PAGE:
Canadian Electrical Industry News Week

December 15, 2016

IBEW Unhappy with “Mess” Left by Uncertified Workers at Ottawa LRT Maintenance FacilityPublic safety is at risk and taxpayer money being squandered because uncertified labourers are doing the work of licensed tradespeople, the International Brotherhood of Electrical Workers says.

According to a CBC News report, the union is unhappy about unskilled, unlicensed labourers performing electrical work on portions of Ottawa's light rail system last spring, prompting complaints, inspections and at least one warning over violations. CBC News confirmed with the Ontario College of Trades that work falling under the scope of electricians was performed by uncertified labourers at the Ottawa LRT maintenance and storage facility known as Belfast Yard (shown in image).

In a statement to CBC, the college said enforcement officials investigated on March 22, 2016 in response to a complaint that unauthorized workers were fixing PVC pipes used for conduit. The college said its inspectors issued a warning to the foreman overseeing the work.

“College enforcement officers informed the foreman that this work falls under the scopes of practice of certified electricians and [he] was issued a warning that he cannot allow labourers to perform work in the scopes of practice of a compulsory trade, no matter how small the task, or they will be in violation,” Ontario College of Trades spokesperson Jan O'Driscoll told CBC.

The union remains dissatisfied with the response from the college as well as the Ministry of Labour. John Bourke, Business Manager of IBEW local 586, told CBC he's lodged multiple complaints, most recently on June 6. His most serious concern involves grounding and bonding work on segments of the LRT project. Proper grounding and bonding are part of the safety measures that help prevent people from coming in contact with electrical hazards and being shocked. “It's an electrical system, so it's a very large part of the safety, for public safety,” said Bourke. “The people that are standing on the platforms waiting for a train to come, if there was a fault in there, the grounding wasn't done properly, people can get hurt.”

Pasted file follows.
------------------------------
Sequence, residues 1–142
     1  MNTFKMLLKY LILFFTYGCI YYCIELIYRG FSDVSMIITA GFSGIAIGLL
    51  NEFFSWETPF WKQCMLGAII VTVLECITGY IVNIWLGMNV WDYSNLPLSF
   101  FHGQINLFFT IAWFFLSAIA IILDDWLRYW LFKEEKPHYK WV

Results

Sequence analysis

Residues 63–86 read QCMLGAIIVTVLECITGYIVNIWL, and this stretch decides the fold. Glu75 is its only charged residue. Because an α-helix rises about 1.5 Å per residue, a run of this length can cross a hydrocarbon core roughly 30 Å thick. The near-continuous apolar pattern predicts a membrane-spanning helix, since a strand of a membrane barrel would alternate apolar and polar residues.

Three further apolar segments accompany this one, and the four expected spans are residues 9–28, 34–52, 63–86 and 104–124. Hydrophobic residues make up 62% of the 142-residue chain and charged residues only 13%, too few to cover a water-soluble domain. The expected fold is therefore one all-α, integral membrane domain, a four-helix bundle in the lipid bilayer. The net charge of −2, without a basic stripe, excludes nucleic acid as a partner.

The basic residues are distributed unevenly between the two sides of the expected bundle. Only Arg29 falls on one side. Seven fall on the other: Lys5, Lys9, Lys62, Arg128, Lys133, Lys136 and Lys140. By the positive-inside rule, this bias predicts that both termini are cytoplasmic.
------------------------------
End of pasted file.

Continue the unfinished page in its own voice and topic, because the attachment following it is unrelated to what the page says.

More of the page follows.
The union says photos show evidence of a botched wiring job by uncertified labourers working on Ottawa's light rail system. The rules governing this kind of work are written into both the Ontario College of Trades and Apprenticeship Act and the Ontario Electrical Safety Code, said Bourke. Much of the work was buried before it was inspected. The college says it will follow up.

Read the CBC coverage: www.cbc.ca/news/canada/ottawa/electrical-work-ottawa-lrt-union-warning-1.3636980.

Nexans Webinar - Key 2021 Electrical Code Changes Impacting Wire and Cable

Nexans Free WebinarJoin NEXANS for a free webinar with Isaac Müller, Applications Engineer for Nexans as he reviews and discusses the changes to the 2021 Canadian Electrical Code related to wire and cable. This free webinar will take place Wed, Jan 27, 2021 2:00 PM - 3:00 PM EST

This webinar includes:
- Updated rules to protect cables (12-514,12-516)
- New conditions of use for wire & cable (Table 19)
- An opportunity to ask your questions

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Canadian Electrical Contractor Discussion Group: Ground Wire Before and After

CECD ground wire BA 400This photo is from a house in Ontario… two grounding wires that had been connected on a residential panel. The issue was sorted out by a local electrician. How did they do? How would you approach a job like this?

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